Responding to a question on the balance of economic and military power in the region, Lee said that regional countries “generally welcome” trade with China as they want to take advantage of the opportunities presented by China’s growth.

Lee pointed out that China has been engaging the region systematically, such as through its Belt and Road Initiative, a development project connecting Asia to Europe, and Global Development Initiative aimed at supporting developing countries through international cooperation.

Singapore is supportive of these engagements, and is also a member of the Group of Friends of the Global Development Initiative, said Lee.

“We think that it is positive, because it is far better that China is prospering and engaged in the region, than that it is operating on its own, outside the rules which apply to everybody else, not properly integrated and coordinated with the rest of the region,” said Lee.

“Or alternatively that it is unsuccessful, poor and troubled. That can cause a lot of difficulty for the region, too.”

Russia-Ukraine war

Turning to the Russia-Ukraine war, Lee said that framing the conflict as a “democracy versus autocracy” or as “good against evil” will make for a never ending war and is not a wise step to take.

What is at stake is the international rule of law and the United Nations (UN) Charter, which is why Singapore is taking a stance against the war, he added.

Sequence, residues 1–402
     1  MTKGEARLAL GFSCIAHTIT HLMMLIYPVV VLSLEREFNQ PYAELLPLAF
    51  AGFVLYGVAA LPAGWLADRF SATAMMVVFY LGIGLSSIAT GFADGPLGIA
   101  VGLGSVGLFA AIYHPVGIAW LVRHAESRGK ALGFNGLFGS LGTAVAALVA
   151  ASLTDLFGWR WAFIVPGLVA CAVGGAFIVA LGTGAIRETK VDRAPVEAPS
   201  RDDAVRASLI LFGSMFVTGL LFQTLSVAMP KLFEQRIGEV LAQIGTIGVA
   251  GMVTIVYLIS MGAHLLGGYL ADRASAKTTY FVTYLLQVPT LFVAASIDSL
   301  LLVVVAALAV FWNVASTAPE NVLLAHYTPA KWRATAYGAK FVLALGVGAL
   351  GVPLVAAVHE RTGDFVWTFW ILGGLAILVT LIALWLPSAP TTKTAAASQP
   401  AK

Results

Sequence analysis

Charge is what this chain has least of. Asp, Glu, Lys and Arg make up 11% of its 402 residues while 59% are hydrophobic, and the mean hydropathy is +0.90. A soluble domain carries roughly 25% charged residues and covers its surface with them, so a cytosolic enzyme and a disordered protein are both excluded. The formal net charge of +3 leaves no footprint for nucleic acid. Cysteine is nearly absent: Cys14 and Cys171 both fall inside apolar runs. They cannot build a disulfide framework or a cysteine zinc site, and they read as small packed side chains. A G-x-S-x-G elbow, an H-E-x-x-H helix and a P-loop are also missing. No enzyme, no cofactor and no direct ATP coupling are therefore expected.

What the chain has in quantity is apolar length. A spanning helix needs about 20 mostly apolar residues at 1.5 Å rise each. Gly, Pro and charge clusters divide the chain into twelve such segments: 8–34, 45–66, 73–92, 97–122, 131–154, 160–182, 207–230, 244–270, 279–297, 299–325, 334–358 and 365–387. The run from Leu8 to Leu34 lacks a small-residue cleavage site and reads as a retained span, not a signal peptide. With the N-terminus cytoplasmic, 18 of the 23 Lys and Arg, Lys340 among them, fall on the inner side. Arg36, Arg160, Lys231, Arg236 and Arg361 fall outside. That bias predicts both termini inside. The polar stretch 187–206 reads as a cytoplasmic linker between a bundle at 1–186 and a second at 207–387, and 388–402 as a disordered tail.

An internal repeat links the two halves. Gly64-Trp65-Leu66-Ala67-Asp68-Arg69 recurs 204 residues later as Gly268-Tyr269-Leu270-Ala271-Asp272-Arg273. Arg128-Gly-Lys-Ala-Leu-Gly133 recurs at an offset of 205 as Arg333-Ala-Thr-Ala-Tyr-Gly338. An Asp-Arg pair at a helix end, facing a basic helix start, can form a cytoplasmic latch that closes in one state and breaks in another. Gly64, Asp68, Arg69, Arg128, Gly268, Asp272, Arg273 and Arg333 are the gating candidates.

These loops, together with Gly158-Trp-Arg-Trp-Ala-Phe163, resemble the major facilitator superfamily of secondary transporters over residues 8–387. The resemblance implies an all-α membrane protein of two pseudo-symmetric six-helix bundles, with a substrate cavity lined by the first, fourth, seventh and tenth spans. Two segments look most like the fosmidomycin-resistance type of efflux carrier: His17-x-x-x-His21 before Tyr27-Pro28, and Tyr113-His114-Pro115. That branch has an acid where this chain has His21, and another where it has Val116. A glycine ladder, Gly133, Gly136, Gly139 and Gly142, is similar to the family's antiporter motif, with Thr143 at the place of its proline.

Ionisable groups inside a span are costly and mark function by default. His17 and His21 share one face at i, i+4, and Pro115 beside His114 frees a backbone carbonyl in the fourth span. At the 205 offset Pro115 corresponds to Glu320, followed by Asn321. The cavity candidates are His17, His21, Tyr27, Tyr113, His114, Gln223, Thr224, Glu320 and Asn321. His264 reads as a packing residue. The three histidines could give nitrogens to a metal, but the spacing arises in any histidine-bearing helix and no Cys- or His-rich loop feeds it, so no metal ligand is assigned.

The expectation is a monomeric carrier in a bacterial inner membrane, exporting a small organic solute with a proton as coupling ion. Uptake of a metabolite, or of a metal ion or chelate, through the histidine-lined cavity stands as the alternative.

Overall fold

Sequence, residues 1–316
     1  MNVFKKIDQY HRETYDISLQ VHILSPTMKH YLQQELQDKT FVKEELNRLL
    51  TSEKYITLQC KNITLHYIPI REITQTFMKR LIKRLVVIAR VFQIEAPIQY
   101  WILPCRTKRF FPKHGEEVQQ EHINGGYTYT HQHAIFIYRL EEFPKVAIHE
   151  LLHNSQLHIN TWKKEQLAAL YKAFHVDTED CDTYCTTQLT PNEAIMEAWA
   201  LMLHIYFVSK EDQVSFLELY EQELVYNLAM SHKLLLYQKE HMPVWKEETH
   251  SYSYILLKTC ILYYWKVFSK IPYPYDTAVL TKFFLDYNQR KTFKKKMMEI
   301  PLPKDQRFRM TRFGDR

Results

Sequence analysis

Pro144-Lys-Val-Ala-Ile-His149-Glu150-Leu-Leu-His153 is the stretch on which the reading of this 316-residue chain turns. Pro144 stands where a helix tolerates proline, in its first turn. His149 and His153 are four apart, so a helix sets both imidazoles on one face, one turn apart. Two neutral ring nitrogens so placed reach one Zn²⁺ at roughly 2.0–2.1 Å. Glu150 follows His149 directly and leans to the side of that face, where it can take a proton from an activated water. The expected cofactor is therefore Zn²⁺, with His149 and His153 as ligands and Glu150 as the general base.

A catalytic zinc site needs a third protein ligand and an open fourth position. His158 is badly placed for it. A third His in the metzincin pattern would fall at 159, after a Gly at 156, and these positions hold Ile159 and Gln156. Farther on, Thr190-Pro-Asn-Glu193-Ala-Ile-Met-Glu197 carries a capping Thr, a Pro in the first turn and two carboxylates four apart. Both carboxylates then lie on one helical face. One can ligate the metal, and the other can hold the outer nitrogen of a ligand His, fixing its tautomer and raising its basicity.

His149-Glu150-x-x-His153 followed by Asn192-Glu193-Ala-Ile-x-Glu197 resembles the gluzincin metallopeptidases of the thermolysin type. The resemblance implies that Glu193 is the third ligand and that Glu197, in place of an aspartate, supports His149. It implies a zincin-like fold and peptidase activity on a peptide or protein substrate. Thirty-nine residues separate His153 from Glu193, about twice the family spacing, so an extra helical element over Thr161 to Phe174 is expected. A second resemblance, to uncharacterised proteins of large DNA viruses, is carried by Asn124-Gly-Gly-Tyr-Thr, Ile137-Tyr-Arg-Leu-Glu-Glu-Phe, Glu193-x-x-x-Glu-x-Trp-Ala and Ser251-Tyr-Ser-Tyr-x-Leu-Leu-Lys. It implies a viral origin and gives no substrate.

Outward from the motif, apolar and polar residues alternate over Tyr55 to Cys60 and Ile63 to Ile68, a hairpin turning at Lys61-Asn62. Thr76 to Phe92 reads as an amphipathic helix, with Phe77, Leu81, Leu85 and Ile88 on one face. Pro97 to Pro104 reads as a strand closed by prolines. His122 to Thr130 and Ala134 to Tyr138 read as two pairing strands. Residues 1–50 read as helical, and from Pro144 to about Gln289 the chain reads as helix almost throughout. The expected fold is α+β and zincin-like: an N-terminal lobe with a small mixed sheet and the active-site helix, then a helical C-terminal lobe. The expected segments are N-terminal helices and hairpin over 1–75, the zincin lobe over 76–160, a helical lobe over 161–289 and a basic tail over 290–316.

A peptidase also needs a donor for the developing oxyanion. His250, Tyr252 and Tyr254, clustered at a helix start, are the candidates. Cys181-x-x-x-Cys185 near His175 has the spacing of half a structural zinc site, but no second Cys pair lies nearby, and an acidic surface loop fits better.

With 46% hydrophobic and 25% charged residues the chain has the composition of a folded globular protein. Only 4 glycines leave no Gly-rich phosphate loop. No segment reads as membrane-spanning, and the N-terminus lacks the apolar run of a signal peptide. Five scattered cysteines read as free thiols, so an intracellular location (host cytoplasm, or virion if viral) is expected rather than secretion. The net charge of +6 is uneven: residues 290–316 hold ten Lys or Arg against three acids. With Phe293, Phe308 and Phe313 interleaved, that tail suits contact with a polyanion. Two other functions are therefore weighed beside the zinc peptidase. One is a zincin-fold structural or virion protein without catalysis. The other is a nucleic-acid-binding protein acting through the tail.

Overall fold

The UN General Assembly’s overwhelming vote to condemn Ukraine’s invasion shows that countries in the world stand up for the international order, said Lee.

It is also important for countries to uphold existing international frameworks such as institutions like the UN or the International Monetary Fund, said Lee, responding to a question on measures that can be taken to maintain the rules-based order.

Secondly, countries also have to abide by the international rule of law such as the UN Charter and the UN Convention on the Law of the Seas, he said.

Thirdly, Lee said that the international community must not just depend on rules, but also on a balance of power between different forces and work with different interests.

This is because countries have some areas where they can cooperate together, but other areas where they can balance each other off.

“Within that balance, it is possible for many other countries to find a perch, and to work with multiple parties,” said Lee.

‘Drastic measures’ needed to lower inflation

But even before the war, the continued generous use of stimulus measures despite the economies in the US and Europe visibly recovering from the Covid-19 pandemic has contributed to a spike in inflation, said Lee.

Banks want to keep inflation under control, but the difficulty now is that inflation is quite high, he added.

As such, “drastic measures” are required to bring inflation back down and prevent inflationary expectations from taking root, even at the risk of causing a recession, he said.

“You will have to take that risk because if you do not act against inflation, that will become a very serious problem for the world,” said Lee.

For Asia, particularly the emerging economies, another problem is food and fuel prices, which Lee foresees will cause them inflation as well as hardship.

“Some countries are in a crisis, for example Sri Lanka. But there are specific problems there,” he said.

“Overall I think that the emerging markets will be (having) economic hardship in their societies, but the judgement is that we probably will not have an emerging markets financial crisis.” — TODAY